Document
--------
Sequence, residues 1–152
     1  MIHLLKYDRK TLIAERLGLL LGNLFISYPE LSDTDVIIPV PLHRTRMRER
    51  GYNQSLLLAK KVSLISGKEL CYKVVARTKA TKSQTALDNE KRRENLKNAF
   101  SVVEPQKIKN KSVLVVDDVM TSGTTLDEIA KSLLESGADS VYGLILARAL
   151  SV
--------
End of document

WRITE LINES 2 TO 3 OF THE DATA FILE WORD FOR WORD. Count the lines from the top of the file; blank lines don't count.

     1  MIHLLKYDRK TLIAERLGLL LGNLFISYPE LSDTDVIIPV PLHRTRMRER
    51  GYNQSLLLAK KVSLISGKEL CYKVVARTKA TKSQTALDNE KRRENLKNAF